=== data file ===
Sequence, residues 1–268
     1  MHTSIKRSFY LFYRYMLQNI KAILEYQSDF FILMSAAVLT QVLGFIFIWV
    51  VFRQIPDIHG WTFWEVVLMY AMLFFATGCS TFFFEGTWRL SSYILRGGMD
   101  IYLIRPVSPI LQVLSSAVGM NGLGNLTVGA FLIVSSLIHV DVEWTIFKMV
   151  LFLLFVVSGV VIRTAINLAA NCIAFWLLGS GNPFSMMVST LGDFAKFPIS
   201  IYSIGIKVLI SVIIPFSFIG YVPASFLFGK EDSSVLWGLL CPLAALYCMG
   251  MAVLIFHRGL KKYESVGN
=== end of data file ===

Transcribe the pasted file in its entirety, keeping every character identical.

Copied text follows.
Sequence, residues 1–268
     1  MHTSIKRSFY LFYRYMLQNI KAILEYQSDF FILMSAAVLT QVLGFIFIWV
    51  VFRQIPDIHG WTFWEVVLMY AMLFFATGCS TFFFEGTWRL SSYILRGGMD
   101  IYLIRPVSPI LQVLSSAVGM NGLGNLTVGA FLIVSSLIHV DVEWTIFKMV
   151  LFLLFVVSGV VIRTAINLAA NCIAFWLLGS GNPFSMMVST LGDFAKFPIS
   201  IYSIGIKVLI SVIIPFSFIG YVPASFLFGK EDSSVLWGLL CPLAALYCMG
   251  MAVLIFHRGL KKYESVGN